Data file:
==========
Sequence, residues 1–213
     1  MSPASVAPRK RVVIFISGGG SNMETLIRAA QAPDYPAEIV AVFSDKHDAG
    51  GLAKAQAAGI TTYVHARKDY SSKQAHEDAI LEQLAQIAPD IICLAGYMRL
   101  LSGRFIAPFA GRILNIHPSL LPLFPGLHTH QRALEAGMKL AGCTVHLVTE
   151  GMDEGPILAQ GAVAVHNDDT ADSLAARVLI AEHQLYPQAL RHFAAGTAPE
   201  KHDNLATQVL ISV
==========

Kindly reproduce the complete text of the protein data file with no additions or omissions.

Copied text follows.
Sequence, residues 1–213
     1  MSPASVAPRK RVVIFISGGG SNMETLIRAA QAPDYPAEIV AVFSDKHDAG
    51  GLAKAQAAGI TTYVHARKDY SSKQAHEDAI LEQLAQIAPD IICLAGYMRL
   101  LSGRFIAPFA GRILNIHPSL LPLFPGLHTH QRALEAGMKL AGCTVHLVTE
   151  GMDEGPILAQ GAVAVHNDDT ADSLAARVLI AEHQLYPQAL RHFAAGTAPE
   201  KHDNLATQVL ISV